Ted Mallett, Vice-President & Chief Economist
Canadian small business sentiment turned definitively upward in April. CFIB's Business Barometer® Index climbed nearly seven points in the month, rising to 59.2—its highest reading since June of last year.
One month of data can often show spikes, but the size of the increase suggests the long-awaited normalization of sentiment has begun. With the exception of the natural resources sector, agriculture and transportation, indexes across other industry groupings are pretty tightly grouped—which suggests general stability. Sentiment also rose in 6 of the 10 provinces—and notably in Alberta, where a two-point improvement in its index to 28.6 is hopefully a sign of that economy lifting itself off the floor.
Index scores show Prince Edward Island businesses are the most optimistic (70.8), followed by those in British Columbia (65.4) and Nova Scotia (64.6). A big jump in Ontario’s index to 62.6 also helped drive the improvement nationally. Index levels in Quebec (62.2) and New Brunswick (57.5) straddle the national average by only a few points, while conditions remain comparatively weaker in Newfoundland & Labrador (46.4), Manitoba (54.0) and Saskatchewan (48.8).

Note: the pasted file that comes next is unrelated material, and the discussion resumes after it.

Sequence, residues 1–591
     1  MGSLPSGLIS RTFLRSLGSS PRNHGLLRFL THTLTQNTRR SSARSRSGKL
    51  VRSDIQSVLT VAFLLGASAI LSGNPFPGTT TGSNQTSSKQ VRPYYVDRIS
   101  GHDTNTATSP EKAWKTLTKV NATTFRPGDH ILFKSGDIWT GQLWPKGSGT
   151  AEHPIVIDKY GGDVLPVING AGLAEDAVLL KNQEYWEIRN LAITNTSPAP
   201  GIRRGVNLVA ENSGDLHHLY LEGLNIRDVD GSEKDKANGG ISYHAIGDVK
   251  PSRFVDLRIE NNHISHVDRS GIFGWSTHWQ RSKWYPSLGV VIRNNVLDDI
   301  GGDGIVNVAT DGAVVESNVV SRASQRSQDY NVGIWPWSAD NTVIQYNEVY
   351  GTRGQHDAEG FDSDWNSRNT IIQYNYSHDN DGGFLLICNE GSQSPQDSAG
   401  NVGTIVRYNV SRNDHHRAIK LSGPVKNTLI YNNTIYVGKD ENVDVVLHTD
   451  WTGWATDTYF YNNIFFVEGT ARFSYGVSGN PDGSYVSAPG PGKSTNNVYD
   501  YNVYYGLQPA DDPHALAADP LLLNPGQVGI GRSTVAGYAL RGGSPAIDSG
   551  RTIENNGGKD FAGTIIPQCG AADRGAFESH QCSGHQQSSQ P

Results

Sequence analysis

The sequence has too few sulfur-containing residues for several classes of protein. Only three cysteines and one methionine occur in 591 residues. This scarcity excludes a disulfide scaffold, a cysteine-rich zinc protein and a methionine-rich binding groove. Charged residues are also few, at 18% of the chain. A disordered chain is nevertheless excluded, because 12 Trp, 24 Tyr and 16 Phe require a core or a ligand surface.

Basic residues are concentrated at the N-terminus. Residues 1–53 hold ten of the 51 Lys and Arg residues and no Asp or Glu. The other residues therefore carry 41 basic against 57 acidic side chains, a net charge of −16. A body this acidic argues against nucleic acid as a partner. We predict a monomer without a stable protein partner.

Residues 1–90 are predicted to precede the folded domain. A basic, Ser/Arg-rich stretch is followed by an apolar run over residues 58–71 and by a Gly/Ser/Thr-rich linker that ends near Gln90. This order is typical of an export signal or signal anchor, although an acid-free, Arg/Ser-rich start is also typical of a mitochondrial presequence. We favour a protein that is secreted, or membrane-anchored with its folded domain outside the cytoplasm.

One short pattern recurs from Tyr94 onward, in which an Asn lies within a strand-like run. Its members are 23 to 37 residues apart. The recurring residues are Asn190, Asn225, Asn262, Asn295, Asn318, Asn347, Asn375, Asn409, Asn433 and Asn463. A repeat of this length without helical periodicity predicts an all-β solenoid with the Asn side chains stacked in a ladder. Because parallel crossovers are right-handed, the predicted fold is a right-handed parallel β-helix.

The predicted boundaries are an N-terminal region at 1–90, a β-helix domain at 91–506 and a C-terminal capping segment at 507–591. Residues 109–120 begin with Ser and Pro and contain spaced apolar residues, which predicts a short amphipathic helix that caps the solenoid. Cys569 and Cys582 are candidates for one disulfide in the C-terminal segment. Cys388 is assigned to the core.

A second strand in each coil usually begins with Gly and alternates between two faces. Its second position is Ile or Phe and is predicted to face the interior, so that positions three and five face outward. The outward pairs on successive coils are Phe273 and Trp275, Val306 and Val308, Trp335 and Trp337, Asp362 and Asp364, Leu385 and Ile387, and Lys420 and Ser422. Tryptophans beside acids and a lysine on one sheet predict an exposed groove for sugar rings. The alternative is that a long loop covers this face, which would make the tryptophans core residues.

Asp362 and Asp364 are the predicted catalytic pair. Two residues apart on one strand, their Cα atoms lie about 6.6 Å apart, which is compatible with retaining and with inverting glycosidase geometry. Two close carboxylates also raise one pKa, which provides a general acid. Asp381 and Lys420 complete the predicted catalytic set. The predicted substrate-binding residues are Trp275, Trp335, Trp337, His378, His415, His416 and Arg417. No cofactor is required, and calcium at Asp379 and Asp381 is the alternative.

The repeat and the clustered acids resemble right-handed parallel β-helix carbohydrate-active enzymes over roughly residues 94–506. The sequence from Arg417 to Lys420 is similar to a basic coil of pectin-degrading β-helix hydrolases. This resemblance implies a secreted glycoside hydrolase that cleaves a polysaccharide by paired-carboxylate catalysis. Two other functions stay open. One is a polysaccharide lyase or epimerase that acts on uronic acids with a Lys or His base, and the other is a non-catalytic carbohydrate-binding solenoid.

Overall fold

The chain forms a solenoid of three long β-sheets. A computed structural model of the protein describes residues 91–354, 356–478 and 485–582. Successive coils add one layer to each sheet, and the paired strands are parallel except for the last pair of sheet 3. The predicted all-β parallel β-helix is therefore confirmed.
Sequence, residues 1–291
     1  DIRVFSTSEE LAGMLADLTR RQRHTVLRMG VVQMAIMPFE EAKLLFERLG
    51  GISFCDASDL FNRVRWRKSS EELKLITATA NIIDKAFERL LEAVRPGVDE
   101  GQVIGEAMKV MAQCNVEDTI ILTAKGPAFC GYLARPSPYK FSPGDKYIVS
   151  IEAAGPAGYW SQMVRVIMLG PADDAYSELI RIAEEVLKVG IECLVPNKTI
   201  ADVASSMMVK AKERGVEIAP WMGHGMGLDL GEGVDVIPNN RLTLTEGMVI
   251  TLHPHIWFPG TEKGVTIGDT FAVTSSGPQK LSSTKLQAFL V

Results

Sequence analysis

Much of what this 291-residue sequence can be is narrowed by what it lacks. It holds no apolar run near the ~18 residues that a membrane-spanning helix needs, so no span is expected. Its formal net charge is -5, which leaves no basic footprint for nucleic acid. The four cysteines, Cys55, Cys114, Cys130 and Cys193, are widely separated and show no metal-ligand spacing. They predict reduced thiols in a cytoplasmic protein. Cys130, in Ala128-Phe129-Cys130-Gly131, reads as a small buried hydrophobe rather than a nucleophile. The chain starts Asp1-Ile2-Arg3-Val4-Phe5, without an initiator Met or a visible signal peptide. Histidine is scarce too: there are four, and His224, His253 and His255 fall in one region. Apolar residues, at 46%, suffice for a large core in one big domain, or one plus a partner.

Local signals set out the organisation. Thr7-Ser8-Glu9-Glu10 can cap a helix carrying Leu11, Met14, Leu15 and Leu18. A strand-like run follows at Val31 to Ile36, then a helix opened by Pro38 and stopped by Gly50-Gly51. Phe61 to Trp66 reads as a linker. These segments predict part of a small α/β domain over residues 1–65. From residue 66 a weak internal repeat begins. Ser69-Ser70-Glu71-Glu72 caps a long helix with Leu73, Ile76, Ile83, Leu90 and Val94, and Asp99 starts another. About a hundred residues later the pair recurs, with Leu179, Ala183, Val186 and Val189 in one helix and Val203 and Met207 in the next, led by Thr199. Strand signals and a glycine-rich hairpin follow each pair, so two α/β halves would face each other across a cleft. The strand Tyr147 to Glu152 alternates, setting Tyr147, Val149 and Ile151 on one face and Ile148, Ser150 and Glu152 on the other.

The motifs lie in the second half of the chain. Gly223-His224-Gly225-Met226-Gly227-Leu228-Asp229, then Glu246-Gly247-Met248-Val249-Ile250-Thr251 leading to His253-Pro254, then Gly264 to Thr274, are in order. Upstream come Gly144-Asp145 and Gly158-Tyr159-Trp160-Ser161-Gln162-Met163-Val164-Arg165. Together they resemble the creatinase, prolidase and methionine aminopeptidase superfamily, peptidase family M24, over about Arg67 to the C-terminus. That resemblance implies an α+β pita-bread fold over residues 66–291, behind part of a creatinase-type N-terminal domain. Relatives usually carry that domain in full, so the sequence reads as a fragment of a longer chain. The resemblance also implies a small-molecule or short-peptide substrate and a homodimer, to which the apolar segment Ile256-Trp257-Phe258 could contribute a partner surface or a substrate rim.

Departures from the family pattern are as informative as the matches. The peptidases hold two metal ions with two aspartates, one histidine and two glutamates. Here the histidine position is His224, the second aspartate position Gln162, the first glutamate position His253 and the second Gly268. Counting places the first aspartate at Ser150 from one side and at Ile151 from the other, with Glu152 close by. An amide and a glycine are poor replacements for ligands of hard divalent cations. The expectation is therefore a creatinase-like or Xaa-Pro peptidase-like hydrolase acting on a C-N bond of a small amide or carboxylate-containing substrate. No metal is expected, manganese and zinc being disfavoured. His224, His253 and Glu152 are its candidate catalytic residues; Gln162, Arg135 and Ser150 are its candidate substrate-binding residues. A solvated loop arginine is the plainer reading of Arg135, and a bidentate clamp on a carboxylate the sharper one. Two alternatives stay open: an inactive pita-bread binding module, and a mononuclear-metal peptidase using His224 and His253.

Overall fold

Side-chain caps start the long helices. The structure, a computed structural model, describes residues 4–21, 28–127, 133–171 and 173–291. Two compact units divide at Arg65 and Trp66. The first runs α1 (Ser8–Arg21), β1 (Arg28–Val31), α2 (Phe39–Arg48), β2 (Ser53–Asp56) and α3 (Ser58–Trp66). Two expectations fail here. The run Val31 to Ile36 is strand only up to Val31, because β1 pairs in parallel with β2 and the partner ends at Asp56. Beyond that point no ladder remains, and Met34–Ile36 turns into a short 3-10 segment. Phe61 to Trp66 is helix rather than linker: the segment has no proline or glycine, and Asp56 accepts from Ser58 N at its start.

On a scale between 0 and 100, an index above 50 means owners expecting their business’ performance to be stronger in the next year outnumber those expecting weaker performance. One normally sees an index level of between 65 and 70 when the economy is growing at its potential.
A look at order books and accounts receivables still show the fragility of business conditions, and as a result hiring intentions are not as quite robust as we normally see this time of year. The improvement in the value of our currency, however, has dramatically tempered pricing plans because of the effects on the cost of imported products.